Film Reviews: April


Wadjda (PG)

Directed by Haifaa Al-Mansour

Writer/director Haifaa Al-Mansour has made history with her first feature film. After attending an American university in Cairo and film school in Sydney, she’s made the Kingdom of Saudi Arabia’s first feature film. It is shot entirely in a country where cinemas are not permitted and women cannot vote, drive or interact with non-related males. Wadjda (Waad Mohammed) is a spirited ten-year-old girl living in the capital of Saudi Arabia. She lives with her mother who is preoccupied because her husband is looking for a second wife. Wadjda is entrepreneurial and rebellious but despite this, she is determined to buy a bicycle so she can race her friend Abdullah. This wonderful film follows Wadjda’s life and also exposes some of the restrictions the women of this country endure. Al-Mansour’s inside view shows how the women in Wadjda’s life, her mother and the school headmistress, impose the sanctioned restrictions. This is a must-see film.

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Chinese Puzzle (M)

Directed by Cédric Klapisch

Modern life can be complicated. Frenchman Xavier (Romain Duris) is in New York trying to write a novel. He has relocated because his ex-wife Wendy (Kelly Reilly) has a new partner and he wants to share time with his two children. He has also donated sperm to his best buddy Isabelle (Cécile De France) who is in a relationship with Chinese American Ju (Sandrine Holt). In order to remain in the United States, he marries the niece of a Chinese American taxi driver. Then, old flame Martine (Audrey Tautou) visits from France with her two children and rekindles their romance just in time for the immigration authorities to spring a surprise visit. New York is a marvellous background to the multicultural mess Xavier has found himself in. As his juggling becomes more and more frenetic, he is visited by the spirits of some famous philosophers who impart their words of wisdom so he can make all the pieces of his life fit together.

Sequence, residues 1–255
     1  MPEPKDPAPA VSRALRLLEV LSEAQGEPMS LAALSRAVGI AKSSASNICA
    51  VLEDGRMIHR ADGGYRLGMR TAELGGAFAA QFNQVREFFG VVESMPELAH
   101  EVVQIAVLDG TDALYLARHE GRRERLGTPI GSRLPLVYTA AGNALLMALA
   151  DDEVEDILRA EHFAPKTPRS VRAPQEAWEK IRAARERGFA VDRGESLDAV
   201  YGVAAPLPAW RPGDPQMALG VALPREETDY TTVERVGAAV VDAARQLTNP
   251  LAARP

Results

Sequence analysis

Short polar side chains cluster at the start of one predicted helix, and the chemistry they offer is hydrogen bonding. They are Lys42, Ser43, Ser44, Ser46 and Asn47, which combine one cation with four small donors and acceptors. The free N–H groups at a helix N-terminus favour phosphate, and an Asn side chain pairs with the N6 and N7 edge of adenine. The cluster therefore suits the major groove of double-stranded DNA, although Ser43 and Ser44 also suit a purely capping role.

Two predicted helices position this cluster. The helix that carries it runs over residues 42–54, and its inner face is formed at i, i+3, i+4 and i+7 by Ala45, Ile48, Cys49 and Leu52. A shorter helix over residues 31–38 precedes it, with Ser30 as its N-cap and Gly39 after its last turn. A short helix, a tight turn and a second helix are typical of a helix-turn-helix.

"only lovers left alive"

Only Lovers Left Alive (M)

Directed by Jim Jarmusch

Although Eve (Tilda Swinton) lives in Tangier and Adam (Tom Hiddleston) lives in Detroit, their vampiric love has lasted for hundreds of years. The audience is hypnotically drawn into their mellow lives that mainly consist of reading, listening to or creating music, dancing and wandering around deserted streets at night-time. Their biggest worry is sourcing their life-blood. Eve gets “the good stuff” from her life-long friend Kit Marlowe (John Hurt) while Adam has managed to bribe a doctor at a local hospital. Not much happens in this vampire romance until, half way through the film, Eve visits Adam in Detroit and her mischievous younger sister Ava (Mia Wasikowska) turns up to disrupt their tranquillity. Deadpan humour saturates every minute if this two hour film, with Swinton and Hiddleston as the perfect entwined lovers. They name-drop those who have left their mark and lament the ‘zombies’ who are contaminating their world.

The Lego Movie

The Lego Movie (PG)

Directed by Phil Lord and Chris Miller

The Lego Movie cost $60 million to make the film and it made $69 million on opening weekend in US, so there’s going to be a sequel and the date of release has already been set for May 2017. This is an indication of how much work goes into creating a feature film that relies on little plastic blocks and also the popularity of the construction toy that has lasted for generations. Briefly, construction worker Emmet (Chris Pratt) finds a ‘piece of resistance’ and becomes an accidental hero when President Business (Will Ferrell) attempts to eliminate creativity from Lego Land. Helping him are Wyldstyle, that eighties something spaceman, Unikitty and Batman. Crammed with kiddy jokes and plenty of smashing action as well as adult satire, the 3D film is not actually made completely out of Lego blocks. Mixing Lego constructions with animation, everything is about this film is awesome – totally awesome.

Lezly Herbert

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